”What is important to me is not the truth outside myself, but the truth within myself.” Konstantin Stanislavsky
Ellen Burstyn’s unprecedented successes in the 1970s, becoming a full-fledged movie star and sought-after leading lady in her 40s, winning accolades and awards, and making both money and art during a creatively-fertile period, consolidated her power to get films made. Developing her own material by the later part of the decade, following critical and financial triumphs on the stage and on screen, Burstyn was in the coveted catbird seat where she had choices. Artistic autonomy. When you are a box office draw, a recent Oscar- and Tony- winner, and arguably one of the most celebrated actresses of your generation, what is your next logical move? By today’s standards, you hop into a huge, marketable franchise, or maybe you get the chance to work in a big-budget prestige project, but you definitely get out there and make some money and work. This is an actorly tradition. You never know when that gravy train’s going end. If you are Burstyn, at the height of your powers, you make an intimate heartland epic about a woman who can heal sickness with her hands called Resurrection, a film which, despite having a challenging central role for any actress to play, is the antithesis of every approved maneuver in the official post-Best Actress playbook.
The film was a passion project for the deeply spiritual actress, and had a long, hard road to production, as well as a mixed critical and audience response. Resurrection, thirty years ago when it was released, was mislabeled, mishandled, and misunderstood. In retrospect, the film stands up as one of the most complex, satisfying films and performances in Burstyn’s filmography. While nestled somewhere between other films about dubious, or alternative spirituality like Elmer Gantry (Richard Brooks, 1960) or The Last Temptation of Christ (Martin Scorsese, 1988), and films that explore the push and pull between religion, modern knowledge, and the hereafter in the great Scandinavian tradition of Ingmar Bergman (Winter Light, 1962) or Carl Theodor Dreyer (Ordet, 1955), Resurrection is an American anomaly: a fiction film specifically about a woman’s spiritual awakening and her ensuing yet inexplicable powers to heal the sick. A film about the afterlife runs the risk of being criticized as much as celebrated, as the subject matter is so deeply private and passionate. When the film features a powerful, complex female protagonist, it provokes confusion and often times anger.
One of the elements that makes Resurrection so interesting is the film’s utter refusal to be classified as a “religious” film, offering a strong, secular message of hope, love, and inclusion. The film’s homespun simplicity should not be mistaken for a lack of substance. Resurrection requires its audience to participate, and to read between the lines, to give and receive personal information about death, a topic no one can really claim to be an expert on. With the material already tough enough as it is, it is easy to imagine why the film is so misunderstood, erroneously branded a niche film, horror, a woman’s picture, a New Age-y anti-religion diatribe, and most perplexingly a work of science fiction. What the film actually is, despite the desire to pigeonhole it, remains mysterious, elusive, and has only recently been put out on DVD by the Universal Vault Series.
Playing Edna, Burstyn took on the biggest physical acting feat of her career up to this point, inhabiting the space of a woman who faces many debilitating physical challenges over the course of the film’s events, but one who also must navigate a demanding, emotional, and dramatic character arc. Battered in a fatal car crash that claims the life of her beloved husband (in a harrowing, nicely-shot opening sequence), Burstyn’s Edna spends the first portion of the film emerging from a coma, after dying for several minutes and miraculously coming back to life. The doctors have little hope she will ever walk again because of her extensive injuries. Her body (seemingly) limp and useless, the distraught Edna is ferried away to her rural home by her distant father John (Roberts Blossom), where she will be properly looked after, and surrounded by family. Along the way, Edna and John meet a lonely, slightly mysterious old gas station owner, Esco (a brilliant Richard Farnsworth), who immediately connects with Edna’s pain in an unexplainably profound way, showing her a deep kindness, an unconditional love even (the chemistry between Burstyn and Farnsworth in this scene is layered and moving). Esco inexplicably shows Edna a captive, two headed snake, a freak of nature, another anomaly. The old man speaks in near-Heavenly codes to tell Edna that she too is a freak, possessed of a new power that will eventually heal her own fractured body.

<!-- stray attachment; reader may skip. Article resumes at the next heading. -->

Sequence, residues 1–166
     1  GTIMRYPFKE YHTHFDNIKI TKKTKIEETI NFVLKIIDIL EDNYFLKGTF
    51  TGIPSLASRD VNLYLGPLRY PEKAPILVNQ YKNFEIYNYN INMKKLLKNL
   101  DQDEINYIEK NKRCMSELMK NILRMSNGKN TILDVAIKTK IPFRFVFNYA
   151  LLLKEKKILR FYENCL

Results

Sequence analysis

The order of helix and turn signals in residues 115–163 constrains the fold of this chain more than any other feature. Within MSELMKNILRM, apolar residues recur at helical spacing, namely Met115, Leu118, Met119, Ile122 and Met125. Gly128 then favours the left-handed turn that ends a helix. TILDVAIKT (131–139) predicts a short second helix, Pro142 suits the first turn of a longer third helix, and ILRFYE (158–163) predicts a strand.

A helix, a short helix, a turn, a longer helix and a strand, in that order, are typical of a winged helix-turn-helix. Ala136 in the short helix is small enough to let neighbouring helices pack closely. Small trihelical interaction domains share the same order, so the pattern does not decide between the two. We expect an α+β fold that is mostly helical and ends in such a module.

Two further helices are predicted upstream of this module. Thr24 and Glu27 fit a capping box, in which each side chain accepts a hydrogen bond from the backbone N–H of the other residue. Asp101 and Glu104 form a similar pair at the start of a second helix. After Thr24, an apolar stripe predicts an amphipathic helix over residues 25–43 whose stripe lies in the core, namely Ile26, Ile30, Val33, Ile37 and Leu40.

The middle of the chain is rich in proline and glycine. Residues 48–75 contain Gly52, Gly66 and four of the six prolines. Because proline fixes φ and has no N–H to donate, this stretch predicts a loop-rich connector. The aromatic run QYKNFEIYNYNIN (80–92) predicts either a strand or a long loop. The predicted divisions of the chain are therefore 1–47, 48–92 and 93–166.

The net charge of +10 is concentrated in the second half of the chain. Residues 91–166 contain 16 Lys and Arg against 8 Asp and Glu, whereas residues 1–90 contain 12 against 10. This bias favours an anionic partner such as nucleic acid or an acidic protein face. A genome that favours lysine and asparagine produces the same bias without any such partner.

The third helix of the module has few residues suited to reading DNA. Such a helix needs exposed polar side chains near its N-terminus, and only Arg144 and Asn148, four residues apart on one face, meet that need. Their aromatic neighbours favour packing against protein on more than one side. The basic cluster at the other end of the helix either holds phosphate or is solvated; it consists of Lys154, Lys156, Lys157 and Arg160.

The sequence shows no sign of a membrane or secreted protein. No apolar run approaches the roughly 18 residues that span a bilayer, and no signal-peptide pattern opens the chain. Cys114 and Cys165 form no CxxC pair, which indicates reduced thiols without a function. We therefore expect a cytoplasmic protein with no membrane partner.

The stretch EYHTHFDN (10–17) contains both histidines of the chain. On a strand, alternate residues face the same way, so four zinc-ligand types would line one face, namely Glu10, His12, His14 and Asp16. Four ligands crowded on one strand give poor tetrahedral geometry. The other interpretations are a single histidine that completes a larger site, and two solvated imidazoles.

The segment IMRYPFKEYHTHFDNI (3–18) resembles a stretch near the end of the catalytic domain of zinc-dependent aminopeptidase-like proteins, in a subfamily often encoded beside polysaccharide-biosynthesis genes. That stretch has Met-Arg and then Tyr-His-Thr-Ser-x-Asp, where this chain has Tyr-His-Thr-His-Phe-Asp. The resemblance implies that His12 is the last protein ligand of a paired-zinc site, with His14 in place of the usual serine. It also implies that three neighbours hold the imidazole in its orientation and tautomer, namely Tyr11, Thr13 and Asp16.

Speaking of the physical, Burstyn, if you look closely at the women she plays, always adds a layer of sensuality to the characters. She gives them an erotic life, even if it is simply demonstrated in a glance or a gesture. When she touches leading man Kris Kristofferson’s beard in Alice Doesn’t Live Here Anymore(Martin Scorsese, 1974), and watches him repair the fence, sparks fly. Her Lois in The Last Picture Show (Peter Bogdanovich, 1971) is a sexual live wire. Same Time Next Year (Robert Mulligan, 1978) revolves around a couple meeting once every year for a hot, extramarital tryst. Though it might seem that sexuality would be out of place in a film about deep spirituality, death, and the great beyond, Burstyn has talked about how it was of the utmost importance that both the spiritual side and the sexual side of her character be showcased, she wanted those facets of the character to be intertwined. She purposely chose young playwright Sam Shepard to play Cal, for many reasons women get cast in the traditional “wife” or “girlfriend” roles – for their good looks – though Shepard’s character is far more nuanced and interesting than just a mere supporting love interest, as he will be a key part of Edna’s undoing. Though she gives her body to Cal, and he zealously takes it, Edna can’t manage to convince him that she is not evil, and that the healing that most folks gratefully accept as a gift is not, in fact, a dark or devilish talent, but rather a force born directly of pure love.